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Around the nation: American College of Physicians endorses single-payer system, public option

Daily Briefing

    Robert McLean, president of the American College of Physicians, noted that the group's statement is not an endorsement for any specific candidate's proposal, in today's bite-sized hospital and health industry news from the District of Columbia, Maryland, and Pennsylvania.

    • District of Columbia: Attorneys general in 14 states, the District of Columbia, and New York City on Thursday sued the U.S. Department of Agriculture over the administration's plan to impose stricter work requirements for Supplemental Nutrition Assistance Program benefits, also known as food stamps. The attorneys general in the lawsuit claim the plan unlawfully limits states' ability to exempt certain adults from the work requirements for an extended duration given the state of local employment. The changes, which will take effect in April, will likely cause 688,000 adults to lose food stamps, according to Politico (Boudreau, Politico, 1/16).

    • Maryland: Shannon Sartin, former director of U.S. Digital Service at HHS, on Thursday announced that she's been tapped to be chief technology officer at the Center for Medicare and Medicaid Innovation. Sartin stepped down from her director role in October 2019 to search for a job that would "excite" her, but ultimately will return to CMS CTO. In her former roles at CMS and the U.S. Digital Service, Sartin worked on Medicare data projects as well as Data at the Point of Care, a pilot launched by CMS last year that allows providers to access claims data for Medicare patients (Kim Cohen, Modern Healthcare, 1/17; Sartin, Medium, 1/16).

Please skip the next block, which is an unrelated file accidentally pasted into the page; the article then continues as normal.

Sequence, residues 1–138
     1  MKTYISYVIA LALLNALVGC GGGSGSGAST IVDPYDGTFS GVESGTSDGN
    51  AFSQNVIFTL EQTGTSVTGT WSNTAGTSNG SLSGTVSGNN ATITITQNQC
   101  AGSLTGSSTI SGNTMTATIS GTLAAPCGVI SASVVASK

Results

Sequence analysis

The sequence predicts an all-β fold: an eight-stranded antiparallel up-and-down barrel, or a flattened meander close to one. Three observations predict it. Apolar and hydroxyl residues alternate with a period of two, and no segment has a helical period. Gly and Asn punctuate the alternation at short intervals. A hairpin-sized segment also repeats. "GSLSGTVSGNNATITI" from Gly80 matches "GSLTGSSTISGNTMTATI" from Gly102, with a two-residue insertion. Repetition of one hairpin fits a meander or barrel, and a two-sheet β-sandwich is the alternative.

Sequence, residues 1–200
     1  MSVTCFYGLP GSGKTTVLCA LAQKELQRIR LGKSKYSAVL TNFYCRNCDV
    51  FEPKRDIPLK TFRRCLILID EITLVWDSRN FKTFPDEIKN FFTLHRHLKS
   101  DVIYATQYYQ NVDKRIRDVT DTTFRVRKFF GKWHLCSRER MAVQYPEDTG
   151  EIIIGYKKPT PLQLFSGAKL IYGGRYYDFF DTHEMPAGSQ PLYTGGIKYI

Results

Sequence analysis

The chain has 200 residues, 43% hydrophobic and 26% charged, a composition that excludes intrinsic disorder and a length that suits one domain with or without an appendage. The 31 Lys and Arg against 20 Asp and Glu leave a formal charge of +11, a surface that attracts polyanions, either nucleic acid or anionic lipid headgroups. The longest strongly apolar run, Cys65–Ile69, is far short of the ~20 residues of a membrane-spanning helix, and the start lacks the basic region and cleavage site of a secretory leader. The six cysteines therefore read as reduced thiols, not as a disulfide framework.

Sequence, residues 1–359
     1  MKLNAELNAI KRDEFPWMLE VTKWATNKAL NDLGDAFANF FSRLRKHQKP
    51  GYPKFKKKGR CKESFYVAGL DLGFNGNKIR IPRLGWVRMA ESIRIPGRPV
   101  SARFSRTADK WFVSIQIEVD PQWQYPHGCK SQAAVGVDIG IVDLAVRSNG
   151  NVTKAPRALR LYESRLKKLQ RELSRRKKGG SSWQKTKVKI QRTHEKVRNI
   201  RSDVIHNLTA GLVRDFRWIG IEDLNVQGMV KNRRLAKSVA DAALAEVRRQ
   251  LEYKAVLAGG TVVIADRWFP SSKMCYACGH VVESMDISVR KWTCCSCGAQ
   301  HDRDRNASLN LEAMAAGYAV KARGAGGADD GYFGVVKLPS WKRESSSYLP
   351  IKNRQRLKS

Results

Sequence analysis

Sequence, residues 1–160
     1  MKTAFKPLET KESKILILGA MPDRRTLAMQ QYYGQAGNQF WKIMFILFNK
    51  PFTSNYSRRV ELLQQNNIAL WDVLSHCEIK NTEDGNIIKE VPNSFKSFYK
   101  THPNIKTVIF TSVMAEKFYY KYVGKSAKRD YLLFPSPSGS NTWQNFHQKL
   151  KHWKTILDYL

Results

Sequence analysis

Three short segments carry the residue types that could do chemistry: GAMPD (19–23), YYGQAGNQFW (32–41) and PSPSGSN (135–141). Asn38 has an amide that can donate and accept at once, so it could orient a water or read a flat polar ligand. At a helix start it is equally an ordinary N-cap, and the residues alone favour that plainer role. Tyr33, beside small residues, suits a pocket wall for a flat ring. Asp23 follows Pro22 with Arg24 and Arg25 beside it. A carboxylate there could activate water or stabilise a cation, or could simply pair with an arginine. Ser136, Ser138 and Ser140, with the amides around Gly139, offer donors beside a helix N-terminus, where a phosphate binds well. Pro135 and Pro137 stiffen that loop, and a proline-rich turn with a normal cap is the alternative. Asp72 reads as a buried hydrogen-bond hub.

• Pennsylvania: The American College of Physicians (ACP), the second-largest physician group in the country, on Tuesday voiced its support for health reform proposals that would expand insurance coverage to all Americans, including a public option and a single payer system. ACP President Robert McLean said the group came to its opinion by looking at available evidence to see what would best address issues such as health care costs, uneven quality, coverage gaps, and complexity. However, he noted that the group's statement is not an endorsement for any specific candidate's proposal. According to McLean, one issue with Sen. Bernie Sanders' (I-Vt.) so-called "Medicare-for-all" single payer proposal is that it depends on Medicare rates, which are lower than what commercial insurers pay (Alonso-Zaldivar, Associated Press, 1/20; Sullivan, The Hill, 1/21).

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